Concerning Icons, they are officially against them. They do honor the Cross (Much of the EO theology regarding icongraphy comes from St. Isaac The Syrian, who himself was a COE person who spoke at great length of the importance of the Cross in Christian worship)
Now concering sacraments it can be a little confusing. You see if you read the Margenetha ("The Pearl") an official medieval era exposition of their faith. There are actually two official lists given in that book. The first looks very odd, it has what you mentioned.
What I see is that they don't include "Anointing of the Sick" or "Matrimony" as sacraments, but they have three sacraments that seem to be similar or connected "Oblations, Absolution, Holy Leaven" and a completely different sacrament called "The Sign of the Cross."
The first list does seem to be the majority opinion (COE web sites list that one)
However when the Sacraments are mentioned again later in the Margenetha. The Second list is almost identical to the EO list (with marriage, annoting the sick etc.). It however seems like a minority opinion; because I'm not sure you will see that list pop up anywhere else.
However even in the original list there are some footnotes (I think added later by late PAtriarch Mar Shimun a few decades ago) and an oblique reference is made to using oil for healing the sick citing the book of James.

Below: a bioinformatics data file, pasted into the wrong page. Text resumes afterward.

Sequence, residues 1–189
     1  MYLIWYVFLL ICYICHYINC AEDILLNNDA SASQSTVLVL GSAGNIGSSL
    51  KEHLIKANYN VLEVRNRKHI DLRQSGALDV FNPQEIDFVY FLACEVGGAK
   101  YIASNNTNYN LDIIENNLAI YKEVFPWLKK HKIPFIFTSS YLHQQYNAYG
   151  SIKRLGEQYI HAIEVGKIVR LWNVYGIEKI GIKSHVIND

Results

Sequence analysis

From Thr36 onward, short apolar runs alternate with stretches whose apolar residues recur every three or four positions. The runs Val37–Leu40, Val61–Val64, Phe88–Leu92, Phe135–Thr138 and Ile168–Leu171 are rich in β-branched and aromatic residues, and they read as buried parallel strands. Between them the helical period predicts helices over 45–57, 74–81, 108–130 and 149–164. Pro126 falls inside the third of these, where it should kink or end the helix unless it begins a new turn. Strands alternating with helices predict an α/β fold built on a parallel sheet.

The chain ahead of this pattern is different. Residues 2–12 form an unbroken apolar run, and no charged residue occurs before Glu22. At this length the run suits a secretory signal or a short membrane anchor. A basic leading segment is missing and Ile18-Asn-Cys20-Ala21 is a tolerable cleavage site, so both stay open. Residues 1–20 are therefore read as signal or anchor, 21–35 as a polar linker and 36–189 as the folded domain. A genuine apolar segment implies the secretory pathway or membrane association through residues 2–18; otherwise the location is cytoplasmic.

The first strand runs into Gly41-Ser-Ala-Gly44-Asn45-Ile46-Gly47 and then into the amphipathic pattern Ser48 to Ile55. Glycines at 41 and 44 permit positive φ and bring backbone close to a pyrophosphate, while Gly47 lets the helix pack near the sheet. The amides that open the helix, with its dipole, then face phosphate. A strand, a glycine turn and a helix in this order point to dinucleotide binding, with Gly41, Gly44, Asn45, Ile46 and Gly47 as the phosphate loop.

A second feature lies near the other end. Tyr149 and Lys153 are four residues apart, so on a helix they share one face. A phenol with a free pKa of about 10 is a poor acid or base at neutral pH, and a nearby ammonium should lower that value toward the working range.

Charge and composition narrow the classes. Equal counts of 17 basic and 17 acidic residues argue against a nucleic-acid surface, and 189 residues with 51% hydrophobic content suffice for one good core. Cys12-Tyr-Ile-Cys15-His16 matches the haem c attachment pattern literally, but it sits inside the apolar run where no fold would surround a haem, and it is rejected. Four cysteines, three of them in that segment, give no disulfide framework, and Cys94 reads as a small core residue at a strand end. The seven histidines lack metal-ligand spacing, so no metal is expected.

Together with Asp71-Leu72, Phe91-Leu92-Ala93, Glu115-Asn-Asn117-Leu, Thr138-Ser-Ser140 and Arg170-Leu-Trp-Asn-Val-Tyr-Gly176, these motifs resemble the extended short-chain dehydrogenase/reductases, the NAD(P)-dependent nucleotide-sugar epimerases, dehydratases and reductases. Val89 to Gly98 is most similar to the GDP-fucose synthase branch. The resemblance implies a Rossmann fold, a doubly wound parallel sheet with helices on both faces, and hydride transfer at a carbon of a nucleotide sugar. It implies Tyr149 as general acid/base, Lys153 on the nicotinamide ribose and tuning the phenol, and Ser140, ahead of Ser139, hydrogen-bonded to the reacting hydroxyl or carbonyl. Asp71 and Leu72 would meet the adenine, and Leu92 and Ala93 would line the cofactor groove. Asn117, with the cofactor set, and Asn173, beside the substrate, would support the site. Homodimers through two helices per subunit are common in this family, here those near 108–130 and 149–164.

Also "back in the day" I brought up the weirdness of the list to a knowedgeable COE church friend. Especially the fact Marriage not being on the list but "The LEaven from heaven" was (Which looked very weird to me). The rationale for mariages ommision was basically a literal Biblical precenent. In Israel, brides were given away by their Fathers, and weddings were put on families they didnot take place in termples, synagogues etc. until much later (After Christianity seperated from Judaism). And the Assyrians have similar Semetic customs and ways of looking at things. Consequently they see marraige more as an instution of soceity, that has a church rite associated with it. And not as a proper sacrament. In that degree their out looks is fairly Protestant.